Frank Home Run Baker: Hall of Famer and World Series Hero

Overview

In the decades before baseball fans became enamored of sluggers like Babe Ruth and Jimmie Foxx, very few players were identified with the long ball. Instead, the game was dominated by men like Ty Cobb and Honus Wagner, players who sprayed the ball around the park, stole bases and mastered the hit and run. In fact, only one player entered the baseball mythology for his slugging: Frank "Home Run" Baker.

Born in Trappe, Maryland, in 1886, Baker earned his moniker by hitting two ...

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About the Book In the decades before baseball fans became enamored of sluggers like Babe Ruth and Jimmie Foxx, very few players were identified with the long ball. Instead, the ... game was dominated by men like Ty Cobb and Honus Wagner, players who sprayed the ball around the park, stole bases and mastered the hit and run. In fact, only one player entered the baseball mythology for his slugging: Frank "Home Run" Baker. Born in Trappe, Maryland, in 1886, Baker earned his moniker by hitting two game-changing homers in the 1911 World Series. That was the also the first year he led the American League in home runs, with the grand total of 11. Altogether, he led for four consecutive years (1911-1914), though he never hit more than 12 dingers in a single season. Playing third base for the Philadelphia Athletics and the New York Yankees, Baker led the way for the more Ruthian totals to come in the Roaring ’20s. His is the story of a young player who at the height of his career risked throwing it all away in a contract dispute with the legendary Connie Mack. It is the story of the deadball era and the transition to the game we know today. Read more Show Less

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Overview

In the decades before baseball fans became enamored of sluggers like Babe Ruth and Jimmie Foxx, very few players were identified with the long ball. Instead, the game was dominated by men like Ty Cobb and Honus Wagner, players who sprayed the ball around the park, stole bases and mastered the hit and run. In fact, only one player entered the baseball mythology for his slugging: Frank "Home Run" Baker.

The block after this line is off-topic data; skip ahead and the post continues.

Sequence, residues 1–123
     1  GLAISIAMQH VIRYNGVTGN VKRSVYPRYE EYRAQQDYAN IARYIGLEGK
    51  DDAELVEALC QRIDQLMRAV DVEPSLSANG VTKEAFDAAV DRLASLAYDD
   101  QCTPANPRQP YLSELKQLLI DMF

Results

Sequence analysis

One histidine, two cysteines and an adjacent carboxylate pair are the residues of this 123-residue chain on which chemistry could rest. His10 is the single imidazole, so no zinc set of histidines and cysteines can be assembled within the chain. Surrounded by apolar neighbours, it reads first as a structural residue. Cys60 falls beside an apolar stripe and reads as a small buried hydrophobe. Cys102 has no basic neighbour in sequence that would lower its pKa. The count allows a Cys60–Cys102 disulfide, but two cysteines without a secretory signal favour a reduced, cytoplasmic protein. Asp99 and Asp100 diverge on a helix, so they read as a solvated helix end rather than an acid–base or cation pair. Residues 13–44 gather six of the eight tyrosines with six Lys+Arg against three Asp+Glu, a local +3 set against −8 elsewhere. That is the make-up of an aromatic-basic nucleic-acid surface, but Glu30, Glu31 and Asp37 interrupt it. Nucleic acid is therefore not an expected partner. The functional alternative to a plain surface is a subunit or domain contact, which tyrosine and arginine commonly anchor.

Born in Trappe, Maryland, in 1886, Baker earned his moniker by hitting two game-changing homers in the 1911 World Series. That was the also the first year he led the American League in home runs, with the grand total of 11. Altogether, he led for four consecutive years (1911-1914), though he never hit more than 12 dingers in a single season. Playing third base for the Philadelphia Athletics and the New York Yankees, Baker led the way for the more Ruthian totals to come in the Roaring '20s. His is the story of a young player who at the height of his career risked throwing it all away in a contract dispute with the legendary Connie Mack. It is the story of the deadball era and the transition to the game we know today.

Read More Show Less

Product Details

  • ISBN-13: 9780786423811
  • Publisher: McFarland & Company, Incorporated Publishers
  • Publication date: 10/31/2005
  • Series: Hall of Famer and World Series Hero Series
  • Pages: 299
  • Product dimensions: 9.00 (w) x 6.00 (h) x 0.80 (d)

Meet the Author

Journalist Barry Sparks is a public and media relations specialist. His articles have appeared in Wall Street Journal, Writer's Digest, Baseball Digest, Sports Collectors Digest and many others. A member of the Society for American Baseball Research and the Philadelphia Athletics Historical Society, he lives in York, Pennsylvania.

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Sort by: Showing all of 4 Customer Reviews
  • Anonymous

    Posted February 2, 2006

    A local look back

    Mr. Sparks has fulfilled a life long ambition with this work. It is an easy read and for a sports enthusiast, opens a window into a closed chapter of our nation's pastime. In following the life, career and character of a player few know much about but who is very highly rated by Bill James (the father of sabremetrics), Mr. Sparks shows the career of the dead ball era's 'Babe' in a good but honest light. The sparing with Connie Mack to be paid is an interesting sidelight, as is seeing Baker in his final years with the Yankees playing along side the real 'Babe'. This a very worthwhile book to own and read in depth. My copy is autographed and I do cherish it.